Rosenblatt Securities analyst Jun Zhang had previously claimed that the LTE iPhone 12 won’t have a lot in common with the 5G models. He was also expecting Apple to launch two 4G-only models, but that seems unlikely at the moment.
All the 5G-ready iPhone 12 variants will probably feature the upcoming A14 Bionic chipset and OLED displays. The iPhone 12 and iPhone 12 Max will likely come with a dual-camera system, and the Pro modes will have a triple camera setup with a LiDAR depth sensor.
Only the highest-end model is expected to offer mmWave 5G.

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The Future

Samsung, LG experiment with virtual demo rooms of the future amid IFA conference




Tech events so far this year have made something clear — it’s not tough for giants like Apple and Samsung to go all-virtual with their launches. But one aspect of a typical tech event doesn’t translate to a computer or phones screen: the demo room. Samsung thinks it’s found a possible solution.

The company on Wednesday hosted a virtual Life Unstoppable event that coincided with the IFA electronics show in Berlin. It wasn’t a typical press conference like the company’s two Unpacked events held over the past month. Instead, Samsung used Epic’s Unreal Engine for games to build a virtual, 3D tour experience — a sort of choose-your-own adventure digital demo — for the media and its partners. 

“Would we have done it if COVID wasn’t around? I’m not sure,” Benjamin Braun, Samsung’s head of marketing for Europe, said in an interview. “That is a different way of presenting new products that no one’s done before.” 

The novel coronavirus, which has infected more than 25 million people around the globe, has caused companies to rethink their product launches. GSMA canceled Mobile World Congress, the world’s biggest mobile show, a week before journalists arrived in Barcelona in late February. Instead of phone launches over the past several months, AppleSamsungHuawei and OnePlus all held digital events or introduced devices via press release.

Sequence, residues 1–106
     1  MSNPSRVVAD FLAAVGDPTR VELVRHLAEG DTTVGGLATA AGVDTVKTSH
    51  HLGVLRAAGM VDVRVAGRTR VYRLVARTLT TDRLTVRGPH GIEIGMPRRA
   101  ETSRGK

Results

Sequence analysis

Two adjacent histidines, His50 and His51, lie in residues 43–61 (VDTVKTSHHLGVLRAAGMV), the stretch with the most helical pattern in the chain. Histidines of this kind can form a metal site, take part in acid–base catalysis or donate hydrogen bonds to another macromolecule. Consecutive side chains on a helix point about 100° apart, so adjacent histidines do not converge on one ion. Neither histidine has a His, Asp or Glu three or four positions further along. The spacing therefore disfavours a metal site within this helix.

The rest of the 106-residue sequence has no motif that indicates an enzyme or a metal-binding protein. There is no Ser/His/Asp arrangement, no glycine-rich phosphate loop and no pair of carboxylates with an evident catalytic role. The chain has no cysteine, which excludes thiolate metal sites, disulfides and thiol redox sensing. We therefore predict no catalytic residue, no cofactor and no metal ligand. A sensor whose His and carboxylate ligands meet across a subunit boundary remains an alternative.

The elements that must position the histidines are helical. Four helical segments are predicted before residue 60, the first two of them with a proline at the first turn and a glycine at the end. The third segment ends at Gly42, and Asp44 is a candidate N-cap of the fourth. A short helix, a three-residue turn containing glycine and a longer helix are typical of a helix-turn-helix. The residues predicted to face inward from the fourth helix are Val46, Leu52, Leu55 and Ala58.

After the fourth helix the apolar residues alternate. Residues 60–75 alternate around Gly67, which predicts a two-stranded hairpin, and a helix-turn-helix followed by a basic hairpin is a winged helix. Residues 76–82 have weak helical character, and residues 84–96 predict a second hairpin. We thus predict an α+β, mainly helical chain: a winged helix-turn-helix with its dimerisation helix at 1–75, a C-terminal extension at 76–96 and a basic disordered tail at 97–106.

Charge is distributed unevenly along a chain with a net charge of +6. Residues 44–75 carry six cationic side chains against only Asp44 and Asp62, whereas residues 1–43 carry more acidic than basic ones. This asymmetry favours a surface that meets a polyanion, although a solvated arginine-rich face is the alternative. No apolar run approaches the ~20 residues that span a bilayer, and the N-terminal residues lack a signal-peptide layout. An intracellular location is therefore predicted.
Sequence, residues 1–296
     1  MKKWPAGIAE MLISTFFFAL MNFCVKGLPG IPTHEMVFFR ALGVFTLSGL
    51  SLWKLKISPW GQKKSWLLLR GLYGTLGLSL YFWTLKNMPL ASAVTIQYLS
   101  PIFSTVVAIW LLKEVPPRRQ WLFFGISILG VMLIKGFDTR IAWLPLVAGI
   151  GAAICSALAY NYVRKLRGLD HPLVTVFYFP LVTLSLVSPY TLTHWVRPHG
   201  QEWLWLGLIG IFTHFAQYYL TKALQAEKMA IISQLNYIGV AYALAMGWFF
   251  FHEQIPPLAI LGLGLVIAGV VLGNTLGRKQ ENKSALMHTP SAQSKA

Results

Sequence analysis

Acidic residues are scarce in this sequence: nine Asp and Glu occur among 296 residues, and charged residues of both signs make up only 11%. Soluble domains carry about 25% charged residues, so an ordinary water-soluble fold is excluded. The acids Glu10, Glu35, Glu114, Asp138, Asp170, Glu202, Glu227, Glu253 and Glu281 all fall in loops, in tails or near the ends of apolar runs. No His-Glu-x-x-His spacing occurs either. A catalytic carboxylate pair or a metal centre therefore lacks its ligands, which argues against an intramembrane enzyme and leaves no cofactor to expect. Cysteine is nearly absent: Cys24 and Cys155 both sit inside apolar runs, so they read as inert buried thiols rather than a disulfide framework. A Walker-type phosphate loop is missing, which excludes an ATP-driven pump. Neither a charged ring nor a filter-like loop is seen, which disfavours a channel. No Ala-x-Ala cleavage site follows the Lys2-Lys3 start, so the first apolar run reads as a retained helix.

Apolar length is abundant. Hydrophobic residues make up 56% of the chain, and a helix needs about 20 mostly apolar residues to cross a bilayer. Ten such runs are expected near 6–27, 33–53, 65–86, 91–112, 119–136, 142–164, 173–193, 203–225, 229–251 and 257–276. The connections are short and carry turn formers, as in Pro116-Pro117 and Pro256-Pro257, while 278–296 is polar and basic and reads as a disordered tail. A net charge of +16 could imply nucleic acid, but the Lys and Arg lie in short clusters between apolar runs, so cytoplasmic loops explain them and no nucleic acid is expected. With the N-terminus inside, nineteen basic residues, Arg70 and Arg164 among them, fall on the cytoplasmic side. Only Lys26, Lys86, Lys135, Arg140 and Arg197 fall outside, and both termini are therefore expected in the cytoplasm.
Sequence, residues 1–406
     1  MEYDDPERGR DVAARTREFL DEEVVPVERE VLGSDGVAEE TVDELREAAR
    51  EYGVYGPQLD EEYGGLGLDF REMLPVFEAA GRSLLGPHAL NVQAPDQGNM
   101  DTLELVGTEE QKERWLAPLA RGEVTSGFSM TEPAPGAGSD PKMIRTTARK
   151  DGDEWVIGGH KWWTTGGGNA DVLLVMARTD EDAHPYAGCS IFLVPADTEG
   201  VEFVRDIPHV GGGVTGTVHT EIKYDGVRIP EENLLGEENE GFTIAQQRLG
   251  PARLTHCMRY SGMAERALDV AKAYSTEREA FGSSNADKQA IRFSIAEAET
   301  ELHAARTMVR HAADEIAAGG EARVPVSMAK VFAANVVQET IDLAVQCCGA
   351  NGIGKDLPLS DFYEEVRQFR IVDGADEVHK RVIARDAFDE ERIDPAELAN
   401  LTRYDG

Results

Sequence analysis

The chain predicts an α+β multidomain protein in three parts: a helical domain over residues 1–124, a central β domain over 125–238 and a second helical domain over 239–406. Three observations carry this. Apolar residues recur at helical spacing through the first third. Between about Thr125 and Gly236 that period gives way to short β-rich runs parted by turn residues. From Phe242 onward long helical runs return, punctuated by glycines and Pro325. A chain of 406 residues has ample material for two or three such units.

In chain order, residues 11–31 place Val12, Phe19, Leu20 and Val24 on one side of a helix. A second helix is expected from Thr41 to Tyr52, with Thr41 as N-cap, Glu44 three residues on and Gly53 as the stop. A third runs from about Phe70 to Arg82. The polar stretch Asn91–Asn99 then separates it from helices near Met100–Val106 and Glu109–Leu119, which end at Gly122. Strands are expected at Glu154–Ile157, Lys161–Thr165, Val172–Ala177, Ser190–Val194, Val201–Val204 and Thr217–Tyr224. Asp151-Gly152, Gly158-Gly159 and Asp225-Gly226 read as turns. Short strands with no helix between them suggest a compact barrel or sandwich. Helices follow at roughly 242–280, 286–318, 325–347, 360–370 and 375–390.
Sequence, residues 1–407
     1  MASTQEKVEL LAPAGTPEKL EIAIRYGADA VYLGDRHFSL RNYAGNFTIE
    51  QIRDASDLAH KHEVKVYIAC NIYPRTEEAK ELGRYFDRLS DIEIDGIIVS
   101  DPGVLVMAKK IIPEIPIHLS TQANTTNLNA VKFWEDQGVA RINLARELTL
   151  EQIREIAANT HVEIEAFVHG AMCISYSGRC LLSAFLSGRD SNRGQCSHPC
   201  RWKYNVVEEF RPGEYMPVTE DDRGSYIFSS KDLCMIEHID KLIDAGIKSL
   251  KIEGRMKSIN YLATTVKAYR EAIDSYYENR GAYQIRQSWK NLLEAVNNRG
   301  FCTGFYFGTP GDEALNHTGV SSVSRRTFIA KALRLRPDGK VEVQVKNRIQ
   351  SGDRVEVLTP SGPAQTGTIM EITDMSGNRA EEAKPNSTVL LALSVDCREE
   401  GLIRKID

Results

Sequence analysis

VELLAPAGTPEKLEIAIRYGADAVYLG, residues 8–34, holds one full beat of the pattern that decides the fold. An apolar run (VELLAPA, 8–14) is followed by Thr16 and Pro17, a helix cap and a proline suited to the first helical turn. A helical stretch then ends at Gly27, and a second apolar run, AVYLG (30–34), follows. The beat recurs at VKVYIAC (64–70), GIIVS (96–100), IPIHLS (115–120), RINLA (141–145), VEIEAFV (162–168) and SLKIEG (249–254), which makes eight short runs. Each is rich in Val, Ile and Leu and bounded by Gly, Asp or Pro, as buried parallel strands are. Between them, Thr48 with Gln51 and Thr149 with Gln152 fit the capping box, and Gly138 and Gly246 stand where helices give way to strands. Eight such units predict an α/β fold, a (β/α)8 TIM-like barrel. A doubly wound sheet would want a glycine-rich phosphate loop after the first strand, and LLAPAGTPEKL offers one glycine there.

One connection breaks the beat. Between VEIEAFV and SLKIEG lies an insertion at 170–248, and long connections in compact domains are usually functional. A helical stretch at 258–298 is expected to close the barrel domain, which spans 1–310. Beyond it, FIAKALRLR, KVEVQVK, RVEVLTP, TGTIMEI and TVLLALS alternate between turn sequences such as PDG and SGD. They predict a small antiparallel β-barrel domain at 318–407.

IFA, taking place in Berlin from Sept. 3 to 5, is the only big tech conference with an in-person component this year. But only 5,000 people can attend, far below last year’s level of 200,000. While Samsung isn’t attending IFA, it’s still hosting events, like Life Unstoppable, that coincide with the shortened convention. 

Samsung’s virtual house

Participants of Life Unstoppable will navigate around a digital house that contains about two dozen different Samsung devices, ranging from its $3,500 waterproof, outdoor Terrace TV to its updated Galaxy Z Fold 2 foldable phone. The visit revolves around a 45-minute guided tour, but participants are able to branch off on their own to look at the back ports of a TV or circle back to the kitchen to check out the appliances

Samsung noted that “every detail,” from the home’s artwork to the furniture’s fabric, “was carefully selected following meticulous research into the type of guests that would be visiting Samsung House, resulting in a truly immersive home environment.”

There’s also an augmented reality component that lets people see what the new products, like TVs, will look like in their own homes. And Samsung noted that immersive 8D audio makes visitors feel like they’re really in the home

During Life Unstoppable, Samsung unveiled a host of new products, ranging from a smart video projector called The Premiere to its Wireless Charging Trio pad that can charge a phone, watch and earbuds at the same time. Samsung also introduced a new fitness band, the Galaxy Fit 2; a low-priced 5G smartphone, the Galaxy A42 5G; and the budget Galaxy Tab A7 tablet.